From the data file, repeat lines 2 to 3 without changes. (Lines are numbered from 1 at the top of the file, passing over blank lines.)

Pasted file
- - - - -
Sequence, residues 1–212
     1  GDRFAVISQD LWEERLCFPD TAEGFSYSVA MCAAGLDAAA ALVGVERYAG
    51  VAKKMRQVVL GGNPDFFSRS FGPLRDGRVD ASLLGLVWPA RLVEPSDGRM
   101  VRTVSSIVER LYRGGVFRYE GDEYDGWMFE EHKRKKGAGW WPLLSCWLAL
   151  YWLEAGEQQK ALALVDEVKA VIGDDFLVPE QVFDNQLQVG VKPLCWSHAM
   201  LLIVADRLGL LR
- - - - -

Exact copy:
     1  GDRFAVISQD LWEERLCFPD TAEGFSYSVA MCAAGLDAAA ALVGVERYAG
    51  VAKKMRQVVL GGNPDFFSRS FGPLRDGRVD ASLLGLVWPA RLVEPSDGRM